Business

Own-label products gain popularity as grocery inflation rises

Sales of Easter eggs and other confectionary were up by 47 per cent in Northern Ireland this year, with shoppers spending an additional £6m year-on-year
Sales of Easter eggs and other confectionary were up by 47 per cent in Northern Ireland this year, with shoppers spending an additional £6m year-on-year Sales of Easter eggs and other confectionary were up by 47 per cent in Northern Ireland this year, with shoppers spending an additional £6m year-on-year

GROCERY inflation has been soaring in the last year - but so have sales in Northern Ireland supermarkets to the tune of nearly £4 million every week.

New analysis from Kantar shows that grocery sales grew £192.9 million, or 5.4 per cent, in the north in the year to April 16.

“But with grocery inflation now standing at 13.6 per cent, it means the average annual grocery bill will rise by £680 from £5,000 to £5,680 if consumers don’t make changes their shopping habits," according to Emer Healy, senior retail analyst at Kantar.

She added: “The last 12 weeks have seen strong growth, with grocery sales up by 13.7 per cent, and as food and drink prices continue to climb, Northern Irish shoppers are now spending on average £150.42 more compared to the same time last year.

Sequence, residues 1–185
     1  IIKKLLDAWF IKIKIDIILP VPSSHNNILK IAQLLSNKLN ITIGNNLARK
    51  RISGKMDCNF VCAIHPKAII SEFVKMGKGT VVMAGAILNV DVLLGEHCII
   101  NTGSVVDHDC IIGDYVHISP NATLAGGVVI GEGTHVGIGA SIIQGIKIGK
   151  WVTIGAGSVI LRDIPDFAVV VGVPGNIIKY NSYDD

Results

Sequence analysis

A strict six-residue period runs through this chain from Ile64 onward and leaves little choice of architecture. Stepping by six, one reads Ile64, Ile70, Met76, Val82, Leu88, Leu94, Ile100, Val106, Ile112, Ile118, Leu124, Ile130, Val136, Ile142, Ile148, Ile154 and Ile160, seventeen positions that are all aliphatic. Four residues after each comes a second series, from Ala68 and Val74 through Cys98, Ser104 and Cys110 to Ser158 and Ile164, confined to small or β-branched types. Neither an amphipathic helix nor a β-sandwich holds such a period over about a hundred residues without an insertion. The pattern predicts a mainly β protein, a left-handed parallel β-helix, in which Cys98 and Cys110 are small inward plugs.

“And as shoppers look for ways to manage costs, many are turning to cheaper alternatives such as retailer own label lines where sales of own label products are up £56.1m compared to branded products which were up just £44.5m year-on-year.

“Value own-label offerings saw the strongest boost in sales, up 43.7 per cent year-on-year, with shoppers spending an additional £6.7m. Branded goods saw share decline from 55.7 per cent to 54.9 per cent, with own-label now holding 42.8 per cent of the market, up one percentage point year-on-year."

The Kantar figures show that many households in the north splashed out for Easter Sunday dinner, with sales of vegetables up £3.6m, beer and lager up £1.7m, and lamb up £1.3m.

Sales of Easter eggs and other confectionary soared by 47 per cent, with shoppers spending an additional £6m year-on-year.

Tesco maintains its position as Northern Ireland’s largest grocer with a 35.7 per cent market share, followed by Sainsbury’s (16.9 per cent), Asda (16.3 per cent) and Lidl (7.5 per cent), with other multiples having an 8.1 per cent share, symbol stores commanding 7.8 per cent and other outlets taking an 8 per cent cut.